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Argentina's Senate kills bill that would have legalized abortion during first 14 weeks of pregnancy

Pro-life activists rally outside the National Congress in Buenos Aires. Legislation legalizing abortion failed to pass in Argentina's Senate on Thursday. (ALBERTO RAGGIO/AFP/Getty Images)

Argentina's Senate narrowly rejected a bill legalizing abortion on Thursday.

What's the situation?

Currently, abortion is illegal in Argentina except in instances of rape, serious health risks to the mother, or if the mother is mentally disabled, according to the Washington Post. Women found guilty of having illegal abortions can serve up to four years in prison, and medical professionals involved in such procedures can go to prison for up to six years.

The proposed legislation would have allowed abortions during the first 14 weeks of pregnancy for women and girls as young as 13.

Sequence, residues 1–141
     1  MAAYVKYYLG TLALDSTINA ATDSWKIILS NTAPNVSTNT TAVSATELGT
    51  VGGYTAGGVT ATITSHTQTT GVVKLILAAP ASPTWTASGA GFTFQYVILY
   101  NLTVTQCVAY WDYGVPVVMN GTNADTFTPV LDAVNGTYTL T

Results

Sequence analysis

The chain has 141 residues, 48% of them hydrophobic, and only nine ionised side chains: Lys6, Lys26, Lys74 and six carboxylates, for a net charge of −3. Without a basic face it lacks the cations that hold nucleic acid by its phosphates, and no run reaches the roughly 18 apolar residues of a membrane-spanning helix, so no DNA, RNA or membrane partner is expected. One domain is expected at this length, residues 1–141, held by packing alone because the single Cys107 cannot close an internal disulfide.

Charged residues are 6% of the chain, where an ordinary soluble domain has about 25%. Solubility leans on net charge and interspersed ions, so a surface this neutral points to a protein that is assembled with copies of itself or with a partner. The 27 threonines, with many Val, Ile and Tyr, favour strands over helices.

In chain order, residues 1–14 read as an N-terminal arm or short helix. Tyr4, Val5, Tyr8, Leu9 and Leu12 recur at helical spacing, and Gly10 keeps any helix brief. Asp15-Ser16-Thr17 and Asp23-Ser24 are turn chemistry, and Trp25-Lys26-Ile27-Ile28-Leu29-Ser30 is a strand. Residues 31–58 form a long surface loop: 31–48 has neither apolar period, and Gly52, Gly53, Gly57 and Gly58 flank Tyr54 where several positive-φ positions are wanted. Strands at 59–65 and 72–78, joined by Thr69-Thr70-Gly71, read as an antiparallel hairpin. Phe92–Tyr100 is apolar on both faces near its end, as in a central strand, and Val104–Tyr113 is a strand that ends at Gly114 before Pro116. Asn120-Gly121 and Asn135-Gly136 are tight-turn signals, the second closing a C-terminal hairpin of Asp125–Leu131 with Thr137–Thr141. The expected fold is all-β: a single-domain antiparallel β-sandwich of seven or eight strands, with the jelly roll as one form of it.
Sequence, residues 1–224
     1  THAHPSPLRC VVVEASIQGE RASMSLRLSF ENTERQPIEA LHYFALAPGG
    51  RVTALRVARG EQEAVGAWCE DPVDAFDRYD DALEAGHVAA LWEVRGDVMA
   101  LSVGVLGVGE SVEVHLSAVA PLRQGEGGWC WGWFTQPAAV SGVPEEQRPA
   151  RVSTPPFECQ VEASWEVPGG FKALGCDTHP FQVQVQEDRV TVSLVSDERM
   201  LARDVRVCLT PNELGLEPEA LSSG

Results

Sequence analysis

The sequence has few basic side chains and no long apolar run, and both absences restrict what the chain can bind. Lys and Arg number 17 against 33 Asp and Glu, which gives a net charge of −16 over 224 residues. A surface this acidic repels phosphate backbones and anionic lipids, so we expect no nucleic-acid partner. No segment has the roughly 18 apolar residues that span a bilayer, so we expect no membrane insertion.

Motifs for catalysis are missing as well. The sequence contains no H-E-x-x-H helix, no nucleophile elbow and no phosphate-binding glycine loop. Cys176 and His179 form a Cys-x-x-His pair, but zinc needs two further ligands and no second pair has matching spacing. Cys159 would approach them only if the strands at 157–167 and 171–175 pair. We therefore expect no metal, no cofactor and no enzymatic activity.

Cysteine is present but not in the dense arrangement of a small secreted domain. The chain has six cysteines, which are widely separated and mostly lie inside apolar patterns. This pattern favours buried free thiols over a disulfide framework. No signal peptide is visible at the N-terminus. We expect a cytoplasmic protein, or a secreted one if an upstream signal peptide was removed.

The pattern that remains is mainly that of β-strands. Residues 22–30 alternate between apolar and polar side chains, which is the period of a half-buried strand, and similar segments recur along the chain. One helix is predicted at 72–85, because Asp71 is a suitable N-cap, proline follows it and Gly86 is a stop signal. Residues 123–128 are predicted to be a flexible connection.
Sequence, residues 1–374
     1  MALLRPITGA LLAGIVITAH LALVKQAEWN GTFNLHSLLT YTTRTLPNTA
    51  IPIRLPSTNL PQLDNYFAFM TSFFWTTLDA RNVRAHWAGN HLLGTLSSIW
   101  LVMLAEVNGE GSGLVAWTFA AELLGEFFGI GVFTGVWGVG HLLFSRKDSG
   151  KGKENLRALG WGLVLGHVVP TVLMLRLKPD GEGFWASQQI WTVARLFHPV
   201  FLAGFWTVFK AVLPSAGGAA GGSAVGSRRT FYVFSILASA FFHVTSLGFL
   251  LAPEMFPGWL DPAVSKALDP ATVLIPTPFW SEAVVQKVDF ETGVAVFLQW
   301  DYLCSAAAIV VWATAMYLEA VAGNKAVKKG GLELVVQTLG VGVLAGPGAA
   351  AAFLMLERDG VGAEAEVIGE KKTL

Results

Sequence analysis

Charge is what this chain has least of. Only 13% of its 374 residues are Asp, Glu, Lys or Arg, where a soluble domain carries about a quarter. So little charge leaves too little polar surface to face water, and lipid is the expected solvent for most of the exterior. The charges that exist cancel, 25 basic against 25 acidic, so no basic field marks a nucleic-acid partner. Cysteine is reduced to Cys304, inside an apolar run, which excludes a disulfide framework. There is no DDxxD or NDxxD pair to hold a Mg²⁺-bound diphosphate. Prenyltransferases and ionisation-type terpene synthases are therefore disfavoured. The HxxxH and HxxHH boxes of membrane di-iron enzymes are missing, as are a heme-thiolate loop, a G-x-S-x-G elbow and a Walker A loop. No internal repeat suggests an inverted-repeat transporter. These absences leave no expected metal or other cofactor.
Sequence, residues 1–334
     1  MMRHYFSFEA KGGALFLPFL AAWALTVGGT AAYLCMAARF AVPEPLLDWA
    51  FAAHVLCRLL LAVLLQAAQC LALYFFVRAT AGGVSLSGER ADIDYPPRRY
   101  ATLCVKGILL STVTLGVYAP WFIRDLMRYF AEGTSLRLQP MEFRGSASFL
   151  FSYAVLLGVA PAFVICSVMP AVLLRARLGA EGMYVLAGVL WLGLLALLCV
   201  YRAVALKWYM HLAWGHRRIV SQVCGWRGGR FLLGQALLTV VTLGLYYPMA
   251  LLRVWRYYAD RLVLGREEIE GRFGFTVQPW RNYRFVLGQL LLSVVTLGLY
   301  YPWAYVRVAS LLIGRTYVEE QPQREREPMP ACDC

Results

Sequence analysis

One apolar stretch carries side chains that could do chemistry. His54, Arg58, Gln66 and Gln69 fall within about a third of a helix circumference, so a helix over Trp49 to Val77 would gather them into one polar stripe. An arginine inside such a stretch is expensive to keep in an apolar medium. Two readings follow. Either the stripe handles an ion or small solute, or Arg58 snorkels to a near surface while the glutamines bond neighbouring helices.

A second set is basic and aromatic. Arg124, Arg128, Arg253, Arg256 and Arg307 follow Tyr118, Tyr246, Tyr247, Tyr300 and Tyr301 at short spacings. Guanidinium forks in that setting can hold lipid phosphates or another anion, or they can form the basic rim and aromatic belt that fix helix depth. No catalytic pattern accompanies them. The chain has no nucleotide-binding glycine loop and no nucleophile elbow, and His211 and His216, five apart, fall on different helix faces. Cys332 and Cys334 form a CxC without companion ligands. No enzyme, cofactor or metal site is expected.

Lawmakers debated the bill for more than 16 hours, during which pro-choice Sen. Pedro Guastavino complained he had been aggressively lobbied by the Catholic Church ahead of time, saying he'd had to "dodge crucifixes," the BBC reported.

Sen. Esteban Bullrich, who opposed the legislation, said "This bill, which is a bad one, does not intend to reduce abortion. It doesn't intend to reduce that tragedy. It legalizes it. It legalizes the failure," the Post said.

Ultimately, the measure was struck down in a 38-31 vote. Two lawmakers abstained, and another was absent during the vote. Now that the bill has failed, lawmakers cannot resubmit legislation until next year.

What happened next?

Advocates on both sides of the abortion issue had gathered outside the National Congress awaiting the outcome.

When the result was told to the demonstrators — who were separated by police and riot fences — the pro-life camp set off fireworks in celebration, and the pro-choice side threw rocks and lit fires in protest.

"We knew it wasn't going to pass, but we felt we had to be here anyway to make our presence felt," activist Jimena Del Potro told the New York Times, "We will no longer be silent and we won't let them win. Abortion will be legal soon. Very soon."

After spending nearly eight hours rallying with fellow pro-lifers, Maria Curutchet said, "It was a very emotional day. We were out in huge numbers and showed that we will defend the two lives, no matter the cost."

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